A teenage girl rang our doorbell one night right after we cleared the dinner table.  She belonged to an organization that helped disadvantaged youths better themselves.  She tried to sell us magazines and told us that the kid with the best sales record won a prize (cash, a scholarship?). When she saw that we had lost interest and sympathy she threw back her shoulders and declared, “Someday I’m going to be somebody.  I’m going to succeed!”  She studied us as she waited for a reaction.  She hoped, apparently, that we would feel pressured into helping her achieve her ambitions.  We didn’t.  I walked outside a few minutes after she left and saw teenage boys and girls canvassing homes along the street.  A school bus parked down the road had a sign on it that read, “American Dreamers”.  A man with a money bag and clip board stood by the front bumper.  He collected checks and cash from his crew, clipped order forms to the board, and directed out going kids to new targets.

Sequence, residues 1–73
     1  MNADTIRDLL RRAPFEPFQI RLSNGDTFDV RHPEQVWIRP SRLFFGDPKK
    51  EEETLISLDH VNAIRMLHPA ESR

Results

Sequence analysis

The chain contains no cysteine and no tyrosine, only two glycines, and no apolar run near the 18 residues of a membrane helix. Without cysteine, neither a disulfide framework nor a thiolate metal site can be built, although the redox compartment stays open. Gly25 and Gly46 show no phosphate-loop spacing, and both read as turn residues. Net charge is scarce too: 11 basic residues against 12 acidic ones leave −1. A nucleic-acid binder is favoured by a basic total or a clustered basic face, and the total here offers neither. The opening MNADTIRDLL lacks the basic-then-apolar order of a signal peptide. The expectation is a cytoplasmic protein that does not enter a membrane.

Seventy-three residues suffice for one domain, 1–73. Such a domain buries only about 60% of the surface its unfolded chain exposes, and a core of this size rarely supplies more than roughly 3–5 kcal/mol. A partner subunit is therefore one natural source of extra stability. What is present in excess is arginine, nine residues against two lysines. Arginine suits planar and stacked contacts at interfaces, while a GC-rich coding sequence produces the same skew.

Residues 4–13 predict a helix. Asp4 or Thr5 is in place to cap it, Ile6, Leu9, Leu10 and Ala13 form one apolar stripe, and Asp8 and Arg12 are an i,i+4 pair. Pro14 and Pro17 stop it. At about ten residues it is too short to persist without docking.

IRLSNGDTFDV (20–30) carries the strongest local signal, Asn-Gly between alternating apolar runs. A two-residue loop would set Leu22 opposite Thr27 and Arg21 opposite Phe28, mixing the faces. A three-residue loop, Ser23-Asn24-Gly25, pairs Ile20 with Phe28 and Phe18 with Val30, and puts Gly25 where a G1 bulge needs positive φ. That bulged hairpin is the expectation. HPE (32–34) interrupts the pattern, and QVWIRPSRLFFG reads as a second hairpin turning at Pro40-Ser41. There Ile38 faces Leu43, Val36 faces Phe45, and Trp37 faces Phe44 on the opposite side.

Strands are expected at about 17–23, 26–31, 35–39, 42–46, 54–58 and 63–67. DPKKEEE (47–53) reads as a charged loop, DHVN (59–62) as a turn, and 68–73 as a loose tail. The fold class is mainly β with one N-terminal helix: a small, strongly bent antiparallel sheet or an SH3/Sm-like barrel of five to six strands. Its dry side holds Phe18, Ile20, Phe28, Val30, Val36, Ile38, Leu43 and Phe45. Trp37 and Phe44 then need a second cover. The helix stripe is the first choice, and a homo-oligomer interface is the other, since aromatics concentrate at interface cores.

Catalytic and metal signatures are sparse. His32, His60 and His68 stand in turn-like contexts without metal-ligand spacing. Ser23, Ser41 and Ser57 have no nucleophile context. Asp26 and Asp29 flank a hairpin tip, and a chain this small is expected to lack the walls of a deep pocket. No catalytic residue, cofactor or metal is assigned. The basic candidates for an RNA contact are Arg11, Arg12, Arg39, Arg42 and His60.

I got a call several months after we moved into our home from a woman offering a free water quality test.  A middle aged salesman with a frizzy brown mustache came the next evening.  He set up a display case of powdered chemicals, beakers and test tubes in our living room.  He poured tap water and orange crystals into a test tube, and the mixture turned yellow.  A white precipitate fell to the bottom.  He held up the “test results” and said, “See?”  We didn’t.  My wife Judy and I had taken chemistry in college and could recognize a Mr. Wizard flim-flam routine.  The salesman saw that he hadn’t impressed us and said, “You know that there’s an EPA Superfund site just up the road on Forsyth.”  I knew that our water company pumped out of the Florida Aquifer, not out of a shallow well nearby.  The salesman shifted gears and told us that the expensive water filtration system his company sold would save us money because…BECAUSE his company threw in jugs of super efficient laundry detergent as a bonus.  We didn’t bite.  Then he held up the test tube with the white precipitate again and glared at my wife as she held our son in her lap.  “What about the kids?” he seethed.  “Don’t you care about your kids?”  Judy started to cry.  I squared up to him and told him to leave.  He packed his case in a hurry.  But before he left he said, “You’ve got a gift coming for letting me test your water.”  I said, “We don’t want anything from you, ” and shut the door behind him.  The next day we got a call from his company.  A manager asked, “Why didn’t you accept your gift?  Was there a problem with the salesman?”